In order to combat the spread of diseases such as dengue fever or Zika virus and other mosquitoes-causing ailments, state officials in Florida have endorsed the release of genetically-modified mosquitoes. These re-engineered mosquitoes will reduce the local populations of mosquitoes in targeted areas and consequently reduce the incidents of diseases such as dengue fever, yellow fever, chikungunya, and Zika.

The company behind the project is Oxitec, a biological company based in the UK but operated by the US. They have been empowered by the US Environmental Agency and the Florida Keys Mosquito Control Agency (FKMCD) to release the genetically-modified Aedes aegypti mosquitoes which cause the diseases. Only the male mosquitoes will be released since the males do not bite humans like the females which suck human blood to fertilize their eggs.

The target is for the engineered male mosquitoes to mate with the female counterparts in the wild so that the offspring to be born will be destroyed before they reach maturity to bite. The male ones to be released have been infused with a protein that will deter offsprings from reaching biting age, thereby reducing the population of mosquitoes in cities. The males will pass on the protein gene to females to render them either infertile or incapable of producing offsprings which suck blood.

The approval given to Oxitec is to gradually release the genetically-modified mosquitoes over a two-year period, but thousands of critics have risen to protest the planned effort. In fact, around 240,000 people signed a Change.org petition condemning the authorities for using the US as the test sites “for these mutant bugs”.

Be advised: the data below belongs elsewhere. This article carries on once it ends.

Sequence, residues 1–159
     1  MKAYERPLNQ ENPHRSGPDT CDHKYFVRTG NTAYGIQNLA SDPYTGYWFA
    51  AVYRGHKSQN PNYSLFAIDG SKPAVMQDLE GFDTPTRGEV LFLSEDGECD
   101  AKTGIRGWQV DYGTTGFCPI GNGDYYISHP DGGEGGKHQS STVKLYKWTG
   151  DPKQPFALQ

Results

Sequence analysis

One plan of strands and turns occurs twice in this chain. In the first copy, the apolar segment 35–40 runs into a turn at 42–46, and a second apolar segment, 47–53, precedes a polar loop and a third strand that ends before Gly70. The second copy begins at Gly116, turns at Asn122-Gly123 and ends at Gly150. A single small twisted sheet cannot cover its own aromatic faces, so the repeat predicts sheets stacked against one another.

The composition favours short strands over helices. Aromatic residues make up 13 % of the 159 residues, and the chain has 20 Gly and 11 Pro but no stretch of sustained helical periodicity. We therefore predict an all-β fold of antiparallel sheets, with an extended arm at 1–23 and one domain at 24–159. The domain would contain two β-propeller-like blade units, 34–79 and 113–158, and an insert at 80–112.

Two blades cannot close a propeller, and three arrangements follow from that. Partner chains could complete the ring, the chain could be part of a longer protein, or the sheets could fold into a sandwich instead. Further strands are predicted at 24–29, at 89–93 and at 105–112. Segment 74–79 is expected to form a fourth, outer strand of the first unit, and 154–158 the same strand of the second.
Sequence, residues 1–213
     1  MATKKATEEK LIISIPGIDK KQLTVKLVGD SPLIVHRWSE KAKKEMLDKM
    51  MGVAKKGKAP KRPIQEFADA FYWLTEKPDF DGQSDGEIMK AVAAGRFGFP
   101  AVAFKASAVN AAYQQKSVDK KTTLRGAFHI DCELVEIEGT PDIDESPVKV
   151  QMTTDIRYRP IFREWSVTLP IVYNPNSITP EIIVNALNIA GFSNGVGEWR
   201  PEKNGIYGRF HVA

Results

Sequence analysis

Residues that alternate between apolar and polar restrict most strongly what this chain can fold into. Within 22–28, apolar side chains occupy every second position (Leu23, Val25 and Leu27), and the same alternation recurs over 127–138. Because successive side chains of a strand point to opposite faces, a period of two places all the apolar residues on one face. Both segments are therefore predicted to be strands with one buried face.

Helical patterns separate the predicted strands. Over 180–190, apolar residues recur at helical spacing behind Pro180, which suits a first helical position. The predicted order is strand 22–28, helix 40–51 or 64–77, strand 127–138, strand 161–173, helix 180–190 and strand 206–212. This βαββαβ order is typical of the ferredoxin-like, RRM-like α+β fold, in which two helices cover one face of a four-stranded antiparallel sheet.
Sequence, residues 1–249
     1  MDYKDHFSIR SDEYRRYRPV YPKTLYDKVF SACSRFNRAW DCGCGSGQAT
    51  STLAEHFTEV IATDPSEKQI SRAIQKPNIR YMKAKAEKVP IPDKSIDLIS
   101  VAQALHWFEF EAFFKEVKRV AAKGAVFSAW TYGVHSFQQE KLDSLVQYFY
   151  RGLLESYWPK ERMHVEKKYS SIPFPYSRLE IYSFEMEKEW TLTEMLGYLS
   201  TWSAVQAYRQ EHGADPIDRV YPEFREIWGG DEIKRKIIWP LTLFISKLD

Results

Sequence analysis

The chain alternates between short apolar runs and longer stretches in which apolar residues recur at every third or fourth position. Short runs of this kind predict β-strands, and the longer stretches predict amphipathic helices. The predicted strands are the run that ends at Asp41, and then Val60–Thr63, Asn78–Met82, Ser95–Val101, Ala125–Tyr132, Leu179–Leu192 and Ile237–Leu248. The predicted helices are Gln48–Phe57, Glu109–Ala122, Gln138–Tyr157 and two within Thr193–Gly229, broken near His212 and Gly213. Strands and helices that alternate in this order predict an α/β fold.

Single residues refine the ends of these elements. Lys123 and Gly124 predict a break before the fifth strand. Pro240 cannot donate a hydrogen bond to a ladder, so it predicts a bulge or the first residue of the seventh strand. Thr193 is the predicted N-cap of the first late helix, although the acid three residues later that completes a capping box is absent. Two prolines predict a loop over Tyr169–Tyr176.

Some environmentalists call the project a “Jurassic Park experiment” and several warn that it might result in unintended consequences. Others said it might give rise to a hybrid breed of mosquitoes that are resistant to pesticides or that can destroy the natural ecosystems. Oxitec however ruled out any possible damage to natural habitats and insists several studies support the project which had been carried out successfully in Brazil.

“We have released over a billion of our mosquitoes over the years,” Oxitec explained. “There is no potential for risk to the environment or humans”.

The plan of officials is to release the new mosquitoes in Floriday Keys where the Aedes aegypti mosquito has become invasive and resistant to insecticides. Meanwhile, several cases of dengue have been reported in the Upper Keys with officials urging the public for cooperation in stamping out the disease.

“Residents and visitors need to remain vigilant and take the appropriate actions to prevent mosquitoes from biting,” said Andrea Leal, executive director for the Florida Keys Mosquito Control District. “While the Florida Keys Mosquito Control District acts to address the mosquito population, it is important to remember that the rainy season continues through the rest of the year. It takes a village to control the spread of this disease.”

Source: keysweekly.com

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